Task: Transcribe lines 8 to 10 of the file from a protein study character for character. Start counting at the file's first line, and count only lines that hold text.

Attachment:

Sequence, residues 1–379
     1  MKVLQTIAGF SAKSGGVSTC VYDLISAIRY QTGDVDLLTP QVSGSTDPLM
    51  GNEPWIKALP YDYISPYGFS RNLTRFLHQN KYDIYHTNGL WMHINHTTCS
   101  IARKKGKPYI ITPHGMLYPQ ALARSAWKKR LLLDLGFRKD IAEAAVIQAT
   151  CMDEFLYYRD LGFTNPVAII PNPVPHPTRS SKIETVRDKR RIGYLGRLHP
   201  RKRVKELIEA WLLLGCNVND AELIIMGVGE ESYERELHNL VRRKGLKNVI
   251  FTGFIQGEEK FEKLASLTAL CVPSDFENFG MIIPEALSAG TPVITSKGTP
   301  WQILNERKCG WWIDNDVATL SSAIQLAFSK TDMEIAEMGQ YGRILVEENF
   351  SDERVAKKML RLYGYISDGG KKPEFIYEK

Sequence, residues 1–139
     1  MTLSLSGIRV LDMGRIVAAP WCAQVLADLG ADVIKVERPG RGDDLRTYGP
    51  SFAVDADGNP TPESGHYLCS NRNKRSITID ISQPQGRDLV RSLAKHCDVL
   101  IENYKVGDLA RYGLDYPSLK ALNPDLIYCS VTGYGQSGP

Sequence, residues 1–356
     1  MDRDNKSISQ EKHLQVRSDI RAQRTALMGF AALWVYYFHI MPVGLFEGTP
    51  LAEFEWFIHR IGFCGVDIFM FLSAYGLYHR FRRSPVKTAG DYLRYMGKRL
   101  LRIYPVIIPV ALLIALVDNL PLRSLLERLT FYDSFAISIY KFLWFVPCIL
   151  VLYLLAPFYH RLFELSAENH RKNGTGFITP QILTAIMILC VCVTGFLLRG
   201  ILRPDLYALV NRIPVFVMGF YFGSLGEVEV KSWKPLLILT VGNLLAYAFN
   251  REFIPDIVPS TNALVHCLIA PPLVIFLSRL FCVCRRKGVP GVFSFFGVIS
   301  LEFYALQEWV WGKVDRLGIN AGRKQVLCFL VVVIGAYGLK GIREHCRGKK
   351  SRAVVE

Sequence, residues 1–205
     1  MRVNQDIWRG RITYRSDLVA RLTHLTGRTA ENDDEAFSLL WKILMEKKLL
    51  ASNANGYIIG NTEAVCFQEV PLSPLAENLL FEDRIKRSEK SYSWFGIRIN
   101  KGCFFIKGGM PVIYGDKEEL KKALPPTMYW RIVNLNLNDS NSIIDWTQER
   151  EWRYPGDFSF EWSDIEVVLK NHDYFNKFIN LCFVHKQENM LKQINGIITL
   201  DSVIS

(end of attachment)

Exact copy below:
   301  WQILNERKCG WWIDNDVATL SSAIQLAFSK TDMEIAEMGQ YGRILVEENF
   351  SDERVAKKML RLYGYISDGG KKPEFIYEK

Sequence, residues 1–139